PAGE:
Re: Multiple-Attribute Keys and 1NF

From: Brian Selzer <>
Date: Fri, 31 Aug 2007 07:21:04 -0400
Message-ID: <BQSBi.1702$>

"JOG" <> wrote in message

> On Aug 31, 3:13 am, "Brian Selzer" <> wrote:

>> "JOG" <> wrote in message
>> > Well, I have to contest again - you are no doubt referring to "rule
>> > 2:The guaranteed access rule", and that makes no reference to the term
>> > identity (...and that is what you asked me about.) Rule 2 is stating :
>> > "every individual value in the database must be logically addressable
>> > by specifying the name of the table, the name of the column and the
>> > primary key value of the containing row."
>> Pardon me for being a stickler about this. I got this from dbdebunk:
> no worries - stickling is fine.

>> "Each and every datum (atomic value) is guaranteed to be logically
>> accessible by resorting to a combination of table name, primary key value
>> and column name."
> Coupla things - Date and Darwen argue against the idea of atomicity,
> and they also complain about the use of 'primary key'. I also think
> Codds use of the term datum is incorrect. Throughout history data has
> required an attribute-value pair. The word is derived from the latin
> for 'statement of fact', its use in science always requires that the
> value is described. Its common sense really - if we don't know what a
> value means, well its just noise. Imagine the binary value 1000001.
> Ascii(1000001) makes it an A, Number1000001) makes it 65, etc.
> Either way, this doesn't matter as long as we know what each other
> mean.

>> A datum is an /atomic/ value, not an individual value. Atomic--implying
>> that it cannot be separated into components.
>> So having more than one value for a particular role violates the
>> guaranteed
>> access rule either way you look at it. If the column names aren't
>> unique,
>> then you can't access a particular datum by a column name. If a value is
>> a
>> collection of component values, then you can't access a particular datum
>> (component value), but only the collection in which it is contained.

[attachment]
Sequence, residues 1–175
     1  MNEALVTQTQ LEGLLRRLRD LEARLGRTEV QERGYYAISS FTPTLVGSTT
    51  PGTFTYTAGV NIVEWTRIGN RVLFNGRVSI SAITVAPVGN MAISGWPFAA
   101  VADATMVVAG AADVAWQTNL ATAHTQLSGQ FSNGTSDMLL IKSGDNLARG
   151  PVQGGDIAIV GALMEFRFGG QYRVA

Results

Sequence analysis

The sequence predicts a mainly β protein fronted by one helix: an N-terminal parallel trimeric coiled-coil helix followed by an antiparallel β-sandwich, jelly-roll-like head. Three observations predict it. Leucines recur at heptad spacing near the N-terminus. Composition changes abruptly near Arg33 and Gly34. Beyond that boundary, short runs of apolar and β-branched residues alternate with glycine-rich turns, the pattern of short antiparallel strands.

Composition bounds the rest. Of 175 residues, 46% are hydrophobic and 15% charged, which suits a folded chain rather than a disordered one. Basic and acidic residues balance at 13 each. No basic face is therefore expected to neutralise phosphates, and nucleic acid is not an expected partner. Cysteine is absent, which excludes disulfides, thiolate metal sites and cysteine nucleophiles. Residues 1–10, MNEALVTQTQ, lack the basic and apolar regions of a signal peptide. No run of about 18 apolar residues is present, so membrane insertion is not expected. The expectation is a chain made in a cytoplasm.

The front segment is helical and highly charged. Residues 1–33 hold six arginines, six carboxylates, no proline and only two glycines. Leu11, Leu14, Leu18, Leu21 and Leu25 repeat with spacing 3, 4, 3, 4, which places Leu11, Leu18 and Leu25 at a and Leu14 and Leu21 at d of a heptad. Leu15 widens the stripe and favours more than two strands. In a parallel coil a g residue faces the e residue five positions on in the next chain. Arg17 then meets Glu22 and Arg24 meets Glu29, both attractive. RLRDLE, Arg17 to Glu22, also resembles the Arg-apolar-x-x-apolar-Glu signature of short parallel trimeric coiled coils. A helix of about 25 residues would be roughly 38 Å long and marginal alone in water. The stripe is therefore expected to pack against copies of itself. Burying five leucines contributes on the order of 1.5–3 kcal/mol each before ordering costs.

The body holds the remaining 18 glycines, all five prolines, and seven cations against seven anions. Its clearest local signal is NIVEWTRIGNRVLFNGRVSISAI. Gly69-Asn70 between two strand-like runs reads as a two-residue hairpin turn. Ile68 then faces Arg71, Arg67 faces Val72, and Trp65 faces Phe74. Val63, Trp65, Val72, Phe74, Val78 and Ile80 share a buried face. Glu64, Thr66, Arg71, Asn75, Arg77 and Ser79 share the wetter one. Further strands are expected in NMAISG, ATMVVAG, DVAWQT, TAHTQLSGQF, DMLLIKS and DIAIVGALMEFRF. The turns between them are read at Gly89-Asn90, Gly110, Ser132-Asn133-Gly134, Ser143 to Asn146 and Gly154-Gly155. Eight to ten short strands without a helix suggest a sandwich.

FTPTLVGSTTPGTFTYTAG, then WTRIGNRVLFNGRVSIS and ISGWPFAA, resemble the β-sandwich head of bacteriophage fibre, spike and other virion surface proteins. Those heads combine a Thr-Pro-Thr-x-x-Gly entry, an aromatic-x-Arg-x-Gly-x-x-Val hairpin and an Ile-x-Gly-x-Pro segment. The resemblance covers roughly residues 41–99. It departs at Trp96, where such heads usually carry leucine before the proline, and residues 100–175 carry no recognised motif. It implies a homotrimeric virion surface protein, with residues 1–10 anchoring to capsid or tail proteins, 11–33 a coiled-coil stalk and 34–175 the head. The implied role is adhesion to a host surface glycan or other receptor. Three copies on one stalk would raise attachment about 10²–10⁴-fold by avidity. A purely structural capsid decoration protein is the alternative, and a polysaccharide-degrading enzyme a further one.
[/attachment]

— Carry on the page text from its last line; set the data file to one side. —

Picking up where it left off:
> Well I've never suggested multiple values contained in a collection.
> But yes as I said, multiple roles does break the guaranteed access
> rule. My question is now (in the continuuing hunt for the theory
> behind 1NF)  is why on earth would that be a problem? I don't see any
> affect on the relational algebra.

What about restriction?

R {{A:4, A:5, B:3},


R WHERE A = 3?
    Do you return an empty relation, or {{A:3,A:4,B:4}}?     If A = 3 is true, then A = 4 is also true, but shouldn't that be     impossible?

    If A were a set, then you could write,

        R WHERE 3 IN A R WHERE A = 4 AND A = 5?
    Shouldn't A = 4 AND A = 5 always return false?

>> But you're right that accessibility has nothing to do with identity. A
>> value can appear many times in many different tuples and in many
>> different
>> relations. Logical identity ensures that no matter how many times a
>> value
>> appears in a database, it always maps to the same individual in the
>> universe
>> of discourse.
>> > Logically "addressable" - that's a very different kettle of fish to
>> > identity. In your original question did you mean to ask then: "What
>> > provides logical addressibality?" if one has two attributes playing
>> > the same role? I won't respond to that in advance, because I don't
>> > want to put words into your mouth. Regards, J.
> Received on Fri Aug 31 2007 - 13:21:04 CEST

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